Find Information About:

Drugs & Supplements

Get information and reviews on prescription drugs, over-the-counter medications, vitamins, and supplements. Search by name or medical condition.

Pill Identifier

Pill Identifier

Having trouble identifying your pills?

Enter the shape, color, or imprint of your prescription or OTC drug. Our pill identification tool will display pictures that you can compare to your pill.

Get Started

My Medicine

Save your medicine, check interactions, sign up for FDA alerts, create family profiles and more.

Get Started

WebMD Health Experts and Community

Talk to health experts and other people like you in WebMD's Communities. It's a safe forum where you can create or participate in support groups and discussions about health topics that interest you.

  • Second Opinion

    Second Opinion

    Read expert perspectives on popular health topics.

  • Community


    Connect with people like you, and get expert guidance on living a healthy life.

Got a health question? Get answers provided by leading organizations, doctors, and experts.

Get Answers

Sign up to receive WebMD's award-winning content delivered to your inbox.

Sign Up

Cold, Flu, & Cough Health Center

How to Treat the Flu

Font Size

Herbal Remedies continued...

You hear a lot about echinacea, but recent studies can’t say whether it helps with colds or the flu. One sticking point: No one is sure which is the best echinacea species, plant part, active ingredient, or how much you should take. If you want to try it, pick a brand that uses the stems, leaves, and flowers of the Echinacea purpurea plant rather than the root. Don't use it for more than 8 weeks -- it could mess up your immune system. Don’t take it if you’re allergic to ragweed.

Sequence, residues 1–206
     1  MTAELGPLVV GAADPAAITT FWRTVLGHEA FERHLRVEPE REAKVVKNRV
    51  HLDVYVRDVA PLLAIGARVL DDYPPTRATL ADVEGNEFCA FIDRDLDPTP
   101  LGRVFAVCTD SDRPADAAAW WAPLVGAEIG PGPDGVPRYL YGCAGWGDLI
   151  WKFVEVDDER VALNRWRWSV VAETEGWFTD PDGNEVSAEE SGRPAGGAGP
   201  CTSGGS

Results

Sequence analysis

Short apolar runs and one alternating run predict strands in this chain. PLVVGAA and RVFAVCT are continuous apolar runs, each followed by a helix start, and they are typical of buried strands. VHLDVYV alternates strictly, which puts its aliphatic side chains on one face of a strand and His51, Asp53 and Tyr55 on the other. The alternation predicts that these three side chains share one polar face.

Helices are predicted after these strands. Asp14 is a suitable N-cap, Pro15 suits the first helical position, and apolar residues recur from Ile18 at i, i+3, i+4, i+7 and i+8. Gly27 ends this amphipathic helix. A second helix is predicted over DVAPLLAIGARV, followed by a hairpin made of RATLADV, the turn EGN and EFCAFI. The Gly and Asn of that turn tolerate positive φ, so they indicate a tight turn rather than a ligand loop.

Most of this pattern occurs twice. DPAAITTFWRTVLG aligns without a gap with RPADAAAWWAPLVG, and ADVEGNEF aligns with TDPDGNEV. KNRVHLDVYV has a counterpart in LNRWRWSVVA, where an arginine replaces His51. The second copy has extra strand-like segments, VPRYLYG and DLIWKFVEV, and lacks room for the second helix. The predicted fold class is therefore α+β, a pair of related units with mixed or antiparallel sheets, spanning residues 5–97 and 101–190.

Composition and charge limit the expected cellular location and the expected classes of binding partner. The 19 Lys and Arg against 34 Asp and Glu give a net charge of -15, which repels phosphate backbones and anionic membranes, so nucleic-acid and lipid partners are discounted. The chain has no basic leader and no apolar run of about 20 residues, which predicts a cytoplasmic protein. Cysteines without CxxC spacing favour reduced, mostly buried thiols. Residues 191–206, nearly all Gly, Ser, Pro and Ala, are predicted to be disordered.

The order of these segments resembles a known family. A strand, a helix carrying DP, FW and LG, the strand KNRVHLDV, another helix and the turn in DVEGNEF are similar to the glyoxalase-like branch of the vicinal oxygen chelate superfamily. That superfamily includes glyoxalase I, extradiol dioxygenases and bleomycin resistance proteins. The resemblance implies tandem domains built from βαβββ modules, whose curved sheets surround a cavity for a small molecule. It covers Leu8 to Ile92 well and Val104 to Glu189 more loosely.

Some research shows elderberry extract might help if you take it within the first 24 to 48 hours after you start to feel flu symptoms. There aren’t any known side effects if you use it for 5 days or less. Don’t eat the plant -- it can make you sick to your stomach.

Other herbal remedies that may help when you have flu include:

  • Lozenges with licorice and slippery elm: They ease sore throats and coughs from all that gunk running down the back of your throat. (Doctors call this postnasal drip.)
  • Ginger tea: It helps with nausea.

One word of warning: There’s no hard proof that these herbal treatments really work against the flu.

Also, strength varies widely from product to product. That makes it hard to know if an herb really works -- or if you’re getting enough of it to help. Stick with those that have been certified by a third party, like U.S. Pharmacopeia (USP) or NSF International.

Check with your doctor before trying one, because they may change the way your other medications work. Always tell your doctor about everything you’re taking, whether it’s prescription or not.

Vitamin and Mineral Supplements

There are lots of studies that prove vitamin C and zinc can ease cold symptoms and maybe shorten the illness -- but there isn’t a lot to show that they help treat the flu.

WebMD Medical Reference

Reviewed by Jennifer Robinson, MD on May 10, 2015

Recommended For You

hot toddy
15 tips to help you feel better.
man sneezing into elbow
Do echinacea and vitamin C really help a cold?
teen girl coughing
Get a good night’s rest with these remedies.
elder berry
Eat these to fight colds, flu, and more.
Natural Cold Flu Remedies Slideshow
cold weather
Allergy And Sinus Symptom Evaluator
Boy holding ear
woman receiving vaccine shot
woman with fever
Waking up from sleep
woman with sore throat